You Can Help Provide Clean Water

COCONUT CREEK, Fla. (March 20, 2009) - Thousands of children die every day because they lack access to clean, safe drinking water. Throughout the Caribbean and Latin America, women and children often have to walk miles every day just to get enough water for drinking, cooking and washing.

Sunday, March 22, is World Water Day, and Food For The Poor is spreading the word about the current water crisis in the Caribbean and Latin America and what the organization is doing to help end the suffering there. Thousands of people in this region lack access to clean water and proper sanitation. The lack of clean water was exacerbated last year when Haiti endured four consecutive storms in the span of a month, causing flooding and mudslides. Severe sickness and death have resulted.

Children often suffer the most. Worldwide, 4,400 children under the age of 5 die each day because of illnesses caused by dirty water and poor sanitation, according to the United Nations. In fact, the U.N. says diarrhea kills five times more children every year than HIV/AIDS.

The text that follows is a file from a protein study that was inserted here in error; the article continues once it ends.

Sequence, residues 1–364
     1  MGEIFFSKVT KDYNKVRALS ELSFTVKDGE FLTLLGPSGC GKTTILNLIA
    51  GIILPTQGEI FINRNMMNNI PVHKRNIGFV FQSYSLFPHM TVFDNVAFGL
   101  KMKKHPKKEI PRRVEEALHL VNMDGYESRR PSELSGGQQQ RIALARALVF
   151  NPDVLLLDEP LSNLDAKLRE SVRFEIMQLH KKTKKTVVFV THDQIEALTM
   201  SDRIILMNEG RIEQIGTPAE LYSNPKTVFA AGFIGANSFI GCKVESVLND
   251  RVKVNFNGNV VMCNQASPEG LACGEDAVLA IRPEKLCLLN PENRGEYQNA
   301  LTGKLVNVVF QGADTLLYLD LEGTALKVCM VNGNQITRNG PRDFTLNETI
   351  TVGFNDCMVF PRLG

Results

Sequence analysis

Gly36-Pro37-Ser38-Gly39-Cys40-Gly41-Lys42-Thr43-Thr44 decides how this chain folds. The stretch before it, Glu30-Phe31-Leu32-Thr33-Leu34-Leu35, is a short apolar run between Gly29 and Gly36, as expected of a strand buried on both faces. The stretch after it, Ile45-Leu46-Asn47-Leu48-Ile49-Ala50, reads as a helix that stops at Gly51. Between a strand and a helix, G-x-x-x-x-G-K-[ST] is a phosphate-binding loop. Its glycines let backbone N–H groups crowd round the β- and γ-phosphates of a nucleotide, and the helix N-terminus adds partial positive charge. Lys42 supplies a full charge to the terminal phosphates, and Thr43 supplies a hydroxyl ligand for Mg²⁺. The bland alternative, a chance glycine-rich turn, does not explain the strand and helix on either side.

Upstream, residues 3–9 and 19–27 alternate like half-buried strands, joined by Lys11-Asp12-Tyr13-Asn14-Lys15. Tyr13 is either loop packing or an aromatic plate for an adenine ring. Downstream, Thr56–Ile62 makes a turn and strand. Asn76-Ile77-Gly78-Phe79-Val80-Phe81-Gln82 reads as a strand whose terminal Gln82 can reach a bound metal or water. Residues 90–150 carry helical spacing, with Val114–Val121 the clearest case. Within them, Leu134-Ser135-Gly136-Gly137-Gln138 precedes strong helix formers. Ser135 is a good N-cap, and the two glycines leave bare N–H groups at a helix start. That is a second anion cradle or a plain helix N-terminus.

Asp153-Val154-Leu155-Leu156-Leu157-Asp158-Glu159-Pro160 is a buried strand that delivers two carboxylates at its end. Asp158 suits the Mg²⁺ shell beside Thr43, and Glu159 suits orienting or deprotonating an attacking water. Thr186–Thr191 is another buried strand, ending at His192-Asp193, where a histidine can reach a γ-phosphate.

Since 1998, Food For The Poor has funded 769 lifesaving water projects in the Caribbean and Latin America. The Florida-based nonprofit has helped provide more than a quarter of a million people with safe, clean water by drilling wells, setting up pumps and storage tanks, and by building cisterns.

Just in the last two months, Food For The Poor has provided new water filtration systems in Haiti, where contamination continues to be a critical health hazard. Each of these water systems installed in Petite Desdune can filter 10,000 gallons a day, providing clean water for drinking and cooking for entire communities.

“Mothers sometimes have to give their children contaminated water because they have nothing else to give them,” said Angel Aloma, Executive Director of Food For The Poor. “Imagine how many lives would be saved by drilling just one water well or installing proper sanitation facilities in these communities.”

To learn more about the water crisis in the Caribbean and Latin America – including ways to help save lives there – log on to www.FoodForThePoor.org.

Food For The Poor, the largest international relief and development organization in the United States, serves the poor of the Caribbean, and Latin America. Food For The Poor provides food, emergency relief assistance, clean water, medicines, educational materials, basic housing, support for orphans and the aged, skills training and micro-enterprise development assistance. More than 96 percent of all donations received go toward programs that help the poor. For more information, visit www.foodforthepoor.org.

Contact:

Kathy Skipper
Public Relations Manager
954-427-2222 x 6614
kathys@foodforthepoor.org